Saturday, October 25, 2008

Foxton is a great name isn't it? Sounds like a place in a Rupert Bear annual, with plucky young animals called Algy having lots of adventures in rhyming verse. In fact it's near Cambridge, and the location of Villiers Park education centre, where last week my writer friend Rosie Jackson and I led a creative writing course for twentytwo 'gifted and talented' 17-year-olds from across the British Isles.
An amazing week, and I felt overawed by their energy and charm, a bit like watching seals at play off the Californian coast but with the addition of dazzling writing.
The gee&tees gave us comedy, political satire, and personal emotions, all explored with individual style and lucent integrity. They'd clearly never grasped the concept of Kevin-the-teenager - nasty, brutish, and short of vocabulary; they were delightful company too.
Friday's "presentations" were one highlight of the week, and another was a performance and talk by Luke Wright, whose own blend of talent and candour the group found inspiring.
We had a theatre trip too: Alan Bennett's 'Talking Heads' at Mumford Theatre. I'm not a huge fan of Bennett's whimsical assaults on social Aunt Sallys, and the two monologues memorised by Moonstruck Theatre Company seemed to me dated in their snobby lampooning of low-brow culture. The students were polite and some were appreciative, but I felt more moved by their own work.
Throw in mountain bikes, music, footie, and a Murder Mystery night, no wonder course evaluations were so upbeat. Virtual group hug, anyone?

American update: I see from G2 that the phenomena of Tina Fey upstaging Sarah Palin has now registered this side of the pond. While giggling over the goofy spoofs, you may be interested to note Tina doesn't stray far from the original - in fact sometimes, as in this multiviewed CNN clip, not at all...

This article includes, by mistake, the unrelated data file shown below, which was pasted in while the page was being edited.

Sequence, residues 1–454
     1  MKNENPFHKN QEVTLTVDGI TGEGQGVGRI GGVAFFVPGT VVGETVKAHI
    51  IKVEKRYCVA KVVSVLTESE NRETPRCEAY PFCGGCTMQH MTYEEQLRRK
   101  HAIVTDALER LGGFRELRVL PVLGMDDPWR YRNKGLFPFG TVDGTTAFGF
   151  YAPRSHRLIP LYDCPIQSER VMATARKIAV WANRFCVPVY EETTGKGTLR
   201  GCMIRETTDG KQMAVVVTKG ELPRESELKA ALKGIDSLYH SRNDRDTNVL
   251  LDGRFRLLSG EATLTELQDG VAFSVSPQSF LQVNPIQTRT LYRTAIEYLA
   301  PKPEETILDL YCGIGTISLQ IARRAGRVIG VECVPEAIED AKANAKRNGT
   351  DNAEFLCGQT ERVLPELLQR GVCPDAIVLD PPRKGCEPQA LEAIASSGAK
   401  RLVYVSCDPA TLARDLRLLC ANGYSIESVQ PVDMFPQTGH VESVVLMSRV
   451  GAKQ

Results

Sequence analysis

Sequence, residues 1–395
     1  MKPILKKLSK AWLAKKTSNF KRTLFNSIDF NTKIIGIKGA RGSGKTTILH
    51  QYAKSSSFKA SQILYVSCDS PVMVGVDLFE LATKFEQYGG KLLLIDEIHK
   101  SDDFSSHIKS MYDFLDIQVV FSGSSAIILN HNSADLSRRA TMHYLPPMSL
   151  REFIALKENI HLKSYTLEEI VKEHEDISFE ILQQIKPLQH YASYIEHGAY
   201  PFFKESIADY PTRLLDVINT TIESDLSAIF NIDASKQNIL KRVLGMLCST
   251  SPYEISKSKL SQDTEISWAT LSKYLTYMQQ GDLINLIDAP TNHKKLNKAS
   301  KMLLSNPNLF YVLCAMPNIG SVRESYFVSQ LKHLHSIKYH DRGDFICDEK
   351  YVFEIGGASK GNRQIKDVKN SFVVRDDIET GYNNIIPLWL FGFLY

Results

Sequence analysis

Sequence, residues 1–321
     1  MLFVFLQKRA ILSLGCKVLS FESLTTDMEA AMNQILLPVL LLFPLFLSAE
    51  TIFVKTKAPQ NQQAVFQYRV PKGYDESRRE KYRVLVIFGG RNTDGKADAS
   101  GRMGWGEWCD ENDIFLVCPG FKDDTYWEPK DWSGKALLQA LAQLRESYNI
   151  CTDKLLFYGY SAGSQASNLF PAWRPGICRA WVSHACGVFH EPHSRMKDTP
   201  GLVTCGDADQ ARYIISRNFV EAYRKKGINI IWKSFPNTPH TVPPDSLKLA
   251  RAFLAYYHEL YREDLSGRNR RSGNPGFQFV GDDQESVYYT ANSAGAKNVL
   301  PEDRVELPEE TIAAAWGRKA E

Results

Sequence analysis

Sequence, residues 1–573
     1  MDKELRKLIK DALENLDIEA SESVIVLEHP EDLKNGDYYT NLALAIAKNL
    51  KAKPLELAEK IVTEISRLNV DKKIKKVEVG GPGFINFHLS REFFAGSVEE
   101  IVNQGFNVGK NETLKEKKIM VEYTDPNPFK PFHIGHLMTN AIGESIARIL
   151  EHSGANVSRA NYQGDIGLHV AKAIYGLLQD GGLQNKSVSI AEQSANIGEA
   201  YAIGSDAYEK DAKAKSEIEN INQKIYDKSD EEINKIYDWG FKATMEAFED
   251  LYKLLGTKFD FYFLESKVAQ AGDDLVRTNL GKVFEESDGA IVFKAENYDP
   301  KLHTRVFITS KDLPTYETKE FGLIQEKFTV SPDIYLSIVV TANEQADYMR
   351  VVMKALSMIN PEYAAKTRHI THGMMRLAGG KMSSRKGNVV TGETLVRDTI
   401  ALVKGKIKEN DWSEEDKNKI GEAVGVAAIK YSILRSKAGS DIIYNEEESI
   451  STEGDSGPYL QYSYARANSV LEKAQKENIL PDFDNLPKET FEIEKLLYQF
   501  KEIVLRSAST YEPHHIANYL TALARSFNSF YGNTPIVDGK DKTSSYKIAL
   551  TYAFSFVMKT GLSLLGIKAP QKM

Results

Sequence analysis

And also from that slightly scary big place over there, news of a teacher suspended without pay for allowing her students to read The Freedom Writers Diary. This motivational collection of true stories by young people is a best-selling book and now also a movie. It contains swearing, apparently. Did I say 'slightly' scary?

I don't know what the Indiana censors would make of Ricky Gervais on Jonathan Ross (my Razorlight-alert gave me the link - they're at the end) – but he made some good points about comedy writing. He doesn't do gags, he says; just characters. "If it’s just constantly one-liners, the audience is looking at their watches after 20 minutes. There has to be some character." He underlines the point with a hysterically funny story about his mother’s funeral. No, really, it was. And it gave a glimpse of a loving family, and the way outsiders simply can’t touch their grief.

Finally: What were you doing at 22.04 yesterday? Four minutes past ten at night is apparently the time we are all most creative, according to a new survey. (What time of day do they dream up these research projects, I wonder.) Sebastian Faulks spoke up for writers: "I was thinking what I think at 10.04 most nights: whether to open another bottle of wine."
Which reminds me of something I haven't done since I came back from America...

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